Joanne Reviews Until Fountain Bridge by Samantha Young

July 19, 2013 Review 0


until fountain bridge

TITLE/AUTHOR: Until Fountain Bridge by Samantha Young

AGE GROUP/GENRE: New Adult Contemporary Romance

PUBLISHED: June 18th 2013

REVIEWED BY: Joanne

SOURCE: Review copy supplied by Publisher

PURCHASE LINKS: Amazon UK || Amazon US || Barnes & Noble

FIND ON: Goodreads
 
 
 

SYNOPSIS

Ellie Carmichael had a crush on Adam Sutherland, her brother, Braden’s, best friend, for years, and although Adam treated her with proprietary concern he made it clear he thought of her only as a little sister.

Over the years, as Ellie’s crush develops into love, her romantic idealism makes it difficult for her to move on. To make matters worse, as she’s gotten older, Adam’s attitude has changed toward her. His affection for her is now joined by attraction, but his loyalty to Braden, and his fear of losing the only family he has, stops him from claiming Ellie the way she wishes he would.

But one night his attraction is put to the test, and as much as Adam would like things to remain the same everything changes between them in a simple brush of the lips.

Soon lust, love, jealousy and heartbreak combine to force change upon their relationship… and Adam discovers the hard way that life is too damn short to spend it on regret.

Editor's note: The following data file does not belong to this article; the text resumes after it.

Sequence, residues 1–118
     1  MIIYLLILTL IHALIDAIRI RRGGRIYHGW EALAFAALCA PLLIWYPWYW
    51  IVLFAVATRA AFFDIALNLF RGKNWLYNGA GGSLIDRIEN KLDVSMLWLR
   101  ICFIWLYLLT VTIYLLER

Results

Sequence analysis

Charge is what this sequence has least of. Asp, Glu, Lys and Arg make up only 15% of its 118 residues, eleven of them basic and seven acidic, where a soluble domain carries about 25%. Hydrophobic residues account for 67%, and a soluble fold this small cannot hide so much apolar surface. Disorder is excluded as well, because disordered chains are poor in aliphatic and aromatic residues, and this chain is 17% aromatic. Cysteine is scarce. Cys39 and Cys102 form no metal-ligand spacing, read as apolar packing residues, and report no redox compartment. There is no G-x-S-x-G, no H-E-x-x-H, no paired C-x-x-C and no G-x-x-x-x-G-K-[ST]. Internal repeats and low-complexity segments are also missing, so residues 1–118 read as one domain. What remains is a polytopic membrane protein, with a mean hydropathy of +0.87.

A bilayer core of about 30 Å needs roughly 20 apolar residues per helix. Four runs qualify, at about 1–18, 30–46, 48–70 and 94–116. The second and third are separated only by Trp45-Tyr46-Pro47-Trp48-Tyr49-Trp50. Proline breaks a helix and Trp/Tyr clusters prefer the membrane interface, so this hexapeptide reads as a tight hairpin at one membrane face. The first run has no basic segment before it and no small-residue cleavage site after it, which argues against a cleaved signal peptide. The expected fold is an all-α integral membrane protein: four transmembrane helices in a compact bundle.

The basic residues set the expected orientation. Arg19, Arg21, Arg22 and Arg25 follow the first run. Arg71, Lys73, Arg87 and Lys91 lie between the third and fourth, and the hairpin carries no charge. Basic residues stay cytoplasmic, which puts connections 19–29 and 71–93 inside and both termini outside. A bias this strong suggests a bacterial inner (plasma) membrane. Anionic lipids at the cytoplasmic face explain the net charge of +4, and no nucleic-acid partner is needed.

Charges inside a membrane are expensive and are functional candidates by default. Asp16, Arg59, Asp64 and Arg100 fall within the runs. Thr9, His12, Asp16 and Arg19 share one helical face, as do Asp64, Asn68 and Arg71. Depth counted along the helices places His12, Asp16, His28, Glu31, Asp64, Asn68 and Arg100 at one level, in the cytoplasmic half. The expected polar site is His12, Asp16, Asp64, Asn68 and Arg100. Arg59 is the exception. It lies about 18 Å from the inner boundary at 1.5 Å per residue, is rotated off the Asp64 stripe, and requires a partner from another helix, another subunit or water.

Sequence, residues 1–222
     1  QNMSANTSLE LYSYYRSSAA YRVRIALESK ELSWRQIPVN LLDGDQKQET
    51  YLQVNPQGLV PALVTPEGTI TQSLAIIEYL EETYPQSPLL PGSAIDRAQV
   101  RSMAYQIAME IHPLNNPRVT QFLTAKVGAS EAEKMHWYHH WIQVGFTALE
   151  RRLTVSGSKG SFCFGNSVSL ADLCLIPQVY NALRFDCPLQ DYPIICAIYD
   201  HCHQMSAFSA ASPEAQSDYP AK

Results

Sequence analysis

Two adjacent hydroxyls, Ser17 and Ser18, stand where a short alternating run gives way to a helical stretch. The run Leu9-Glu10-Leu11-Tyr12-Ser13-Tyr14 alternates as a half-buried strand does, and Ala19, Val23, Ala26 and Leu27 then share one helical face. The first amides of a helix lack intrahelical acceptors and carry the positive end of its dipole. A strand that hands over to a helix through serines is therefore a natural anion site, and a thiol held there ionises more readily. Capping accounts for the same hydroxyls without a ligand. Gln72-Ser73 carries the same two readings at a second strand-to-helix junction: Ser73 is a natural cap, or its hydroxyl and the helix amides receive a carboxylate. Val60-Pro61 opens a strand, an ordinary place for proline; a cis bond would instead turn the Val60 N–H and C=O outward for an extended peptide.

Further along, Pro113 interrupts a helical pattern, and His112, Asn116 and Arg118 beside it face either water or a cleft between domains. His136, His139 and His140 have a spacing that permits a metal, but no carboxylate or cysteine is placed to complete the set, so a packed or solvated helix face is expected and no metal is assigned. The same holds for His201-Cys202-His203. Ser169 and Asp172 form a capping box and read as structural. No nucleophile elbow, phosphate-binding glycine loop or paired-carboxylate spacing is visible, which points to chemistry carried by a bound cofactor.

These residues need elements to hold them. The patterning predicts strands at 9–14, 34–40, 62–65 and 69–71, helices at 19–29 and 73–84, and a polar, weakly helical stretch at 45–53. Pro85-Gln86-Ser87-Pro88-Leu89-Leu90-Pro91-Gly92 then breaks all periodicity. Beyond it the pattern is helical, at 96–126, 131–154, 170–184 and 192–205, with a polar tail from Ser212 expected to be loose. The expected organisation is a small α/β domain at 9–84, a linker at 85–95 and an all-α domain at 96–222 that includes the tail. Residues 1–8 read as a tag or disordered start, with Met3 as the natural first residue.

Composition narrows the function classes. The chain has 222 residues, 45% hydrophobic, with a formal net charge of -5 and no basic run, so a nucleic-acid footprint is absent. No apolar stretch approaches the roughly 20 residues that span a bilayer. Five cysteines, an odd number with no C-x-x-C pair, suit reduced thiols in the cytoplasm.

REVIEW

If you’ve read On Dublin Street (and I strongly recommend that you do before reading this book) then you’ll know all about the longing looks and smouldering underlying chemistry between Ellie Carmichael and Adam Sutherland. As Ellie is the younger sister of Adam’s best friend Braden, he held himself back from acting on his feelings until a health scare for Ellie pushed him into action.

Until Fountain Bridge is a novella about Ellie and Adam, picking up a few months down the line from where On Dublin Street ended. They are now living together, and while moving some boxes Ellie discovers her old diaries, which go right back to her teen years.  She sits with Adam and reads out excerpts from the diaries so he gets a glimpse of how far back her feelings for him go.

I loved how this was written – I don’t usually read novellas, I like a longer book, something I can get my teeth into, but I wanted to read this one because I loved On Dublin Street so much. My worries about whether the book would be long enough were unfounded – yes, I would have loved a full scale book for Ellie and Adam, but Samantha Young pitched this one perfectly. The way it was told had me hooked. I loved how Ellie would start to read from a point in the diary, and then we were transported back to that event as it was retold. I loved how Adam would give his perspectives on the events in the diary after Ellie finished reading. It was lovely to hear from him how he knew the moment he went from seeing her as his best friends little sister to a woman, and how he went from feeling brotherly affection to wanting something more.

There’s not much more that I can say about a book that’s only 111 pages along without giving away too much of the story. If you loved reading ODS, then you will love this too.

4 Stars

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